The unique demands of AV design in themed entertainment • by Scott Harkless
For those who have been to a theme park anytime in the last decade, it is impossible not to notice the significant role of audiovisual systems and media. Designers of theme parks and out-of-home attractions are continually pushing the envelope to create memorable experiences and provide options that differentiate an experience from what’s available in the home or elsewhere.
Take dark rides for example. This type of attraction has long been a popular standby of theme parks, but has evolved and grown in sophistication over the years.
If we rewind back to the early days of dark rides, we would see a chain of cars or boats on a track advancing at a
somewhat leisurely pace from scene to scene of elaborate props, animated figures, scenic lighting, music, and sound effects. A modern-day dark ride, on the other hand, is liable to be a 4D experience. It might have vehicles with complex motion systems designed to taunt riders with sudden changes in gravity and acceleration. The ride scenes might be combined with sophisticated video projection to enliven the scenery or animated figures. Audio still plays a huge role, but the audio systems might be located on-board the ride vehicle to improve sound quality and a more immersive guest experience. Even the vehicles themselves might be completely trackless and wireless.
In other words, the “wow factor” is high, and the technical challenges are varying and multifold.
Let’s take a deeper look at what a tech or AV designer is likely to encounter in the creation of a media-based attraction with sophisticated systems.
One of the biggest hurdles is ensuring that all of the audio and video effects are perfectly synchronous with other entertainment systems such as ride motion, animated figures, lighting, and special effects. Imagine how nauseating it would it be for the ride vehicle to lean sharply to the left two seconds before the ride video leans left. In a 4D Theater application, that water spritz to the face just isn’t as convincing if it doesn’t happen at the exact same moment the character on-screen sneezes. Synchronizing these systems to avoid lag is critical to a great guest experience and, in the case of rides, is also important to minimize the chance of motion sickness.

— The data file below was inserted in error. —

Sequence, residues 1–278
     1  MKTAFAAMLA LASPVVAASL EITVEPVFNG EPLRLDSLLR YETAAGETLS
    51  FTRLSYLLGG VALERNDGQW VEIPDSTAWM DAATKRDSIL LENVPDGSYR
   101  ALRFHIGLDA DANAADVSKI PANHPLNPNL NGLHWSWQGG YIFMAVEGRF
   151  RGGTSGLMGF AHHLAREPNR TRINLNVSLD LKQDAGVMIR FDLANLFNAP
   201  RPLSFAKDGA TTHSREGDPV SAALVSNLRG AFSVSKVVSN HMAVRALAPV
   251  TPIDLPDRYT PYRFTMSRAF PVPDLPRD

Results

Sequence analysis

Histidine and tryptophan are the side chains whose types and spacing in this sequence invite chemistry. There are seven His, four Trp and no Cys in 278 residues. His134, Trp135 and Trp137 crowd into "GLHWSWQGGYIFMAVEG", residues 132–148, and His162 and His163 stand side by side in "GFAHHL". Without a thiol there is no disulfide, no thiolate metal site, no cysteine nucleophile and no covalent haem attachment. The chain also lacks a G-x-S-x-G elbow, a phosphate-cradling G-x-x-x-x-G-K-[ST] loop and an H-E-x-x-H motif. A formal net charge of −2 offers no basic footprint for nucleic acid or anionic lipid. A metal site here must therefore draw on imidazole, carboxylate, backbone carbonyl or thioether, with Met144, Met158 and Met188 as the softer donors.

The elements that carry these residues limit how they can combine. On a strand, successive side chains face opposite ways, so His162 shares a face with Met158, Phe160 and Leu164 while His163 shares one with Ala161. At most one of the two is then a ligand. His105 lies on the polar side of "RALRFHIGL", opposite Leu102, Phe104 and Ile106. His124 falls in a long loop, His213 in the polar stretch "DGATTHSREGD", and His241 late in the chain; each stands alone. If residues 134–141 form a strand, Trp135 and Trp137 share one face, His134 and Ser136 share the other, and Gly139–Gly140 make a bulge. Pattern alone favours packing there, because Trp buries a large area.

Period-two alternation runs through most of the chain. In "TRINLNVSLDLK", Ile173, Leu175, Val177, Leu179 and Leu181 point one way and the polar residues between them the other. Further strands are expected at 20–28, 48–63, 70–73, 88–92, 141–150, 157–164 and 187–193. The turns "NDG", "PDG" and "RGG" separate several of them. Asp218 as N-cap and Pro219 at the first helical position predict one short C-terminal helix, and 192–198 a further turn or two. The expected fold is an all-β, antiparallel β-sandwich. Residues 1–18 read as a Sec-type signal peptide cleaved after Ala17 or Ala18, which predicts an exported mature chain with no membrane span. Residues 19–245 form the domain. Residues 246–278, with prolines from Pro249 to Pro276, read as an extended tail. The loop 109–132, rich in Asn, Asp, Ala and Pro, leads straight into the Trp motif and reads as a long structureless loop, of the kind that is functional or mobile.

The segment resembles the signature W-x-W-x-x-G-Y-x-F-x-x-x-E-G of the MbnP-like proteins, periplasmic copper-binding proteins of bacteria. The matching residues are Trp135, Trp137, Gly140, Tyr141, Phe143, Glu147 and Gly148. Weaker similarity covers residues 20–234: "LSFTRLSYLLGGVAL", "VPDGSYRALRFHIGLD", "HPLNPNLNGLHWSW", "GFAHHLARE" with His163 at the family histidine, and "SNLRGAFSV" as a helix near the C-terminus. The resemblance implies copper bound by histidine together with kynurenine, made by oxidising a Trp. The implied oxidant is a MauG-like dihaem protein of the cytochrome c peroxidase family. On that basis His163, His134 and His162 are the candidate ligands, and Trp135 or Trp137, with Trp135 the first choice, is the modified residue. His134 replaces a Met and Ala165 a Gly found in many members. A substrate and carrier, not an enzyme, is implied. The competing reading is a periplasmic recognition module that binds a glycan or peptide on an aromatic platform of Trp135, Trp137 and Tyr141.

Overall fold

The way to guarantee this precise level of synchronization is to use AV, lighting, animation, and ride control systems that work together harmoniously. For AV gear, this means remote control capability, consistent triggering, and the ability to lock to external clocks like Genlock, audio sample clock (word clock), SMPTE timecode, etc. Show control is critical for managing all of the entertainment systems. When a show control device is combined with the ability to consistently trigger other devices, the result is a system with the power to provide a synchronous and repeatable experience.
With parks spending millions of dollars on building and marketing their star attractions, downtime is unacceptable. To add to the challenge, these attractions run repeatedly all day long, day after day, often for many years. When coasters and ride vehicles are involved, sometimes the AV equipment can be subjected to fluctuating power sources (i.e. super capacitors), high temperatures, humidity, vibration and G-forces. With this kind of use and abuse, top quality, purpose designed gear is, in our view, an imperative. Consumer-grade and even common professional-grade electronics and AV gear are not up to the challenge. Just try putting that rack-mount amplifier into a roller coaster and see how long it takes for it to rattle itself into pieces.
As a general rule, it’s best to use solid-state equipment whenever possible simply because moving parts will inevitably break with such high levels of use. Especially in the case of ride vehicle environments, gear should be used that was specifically designed for the purpose. It will be more expensive than that rack-mount amplifier, but it will still be in one piece when the ride pulls into the loading station. For media playback devices, solid-state memory (usually flash memory) is a must. Traditional disk drives are simply not reliable enough unless they are used with complex redundant RAID configurations. Simple, purpose-built, and solid-state equipment will ensure high up-time with little to no maintenance.
The Walibi Holland theme park in Biddinghuizen, Netherlands recently rebranded its steel roller coaster as “X-Press: Platform 13,” giving a new look and feel to the ride. The ride borrows elements from the theme park’s successful Halloween haunted house attractions and adds a mysterious backstory, which unfolds in the queue to extend the guest experience.
Guests entering the queue watch vintage-style news reports describing an infamous subway train crash and the many mysterious events that followed. As guests wind their way through the queue, they are immersed in the an eerie atmosphere of piercing train headlights, blaring horns, squealing brakes and PA announcements.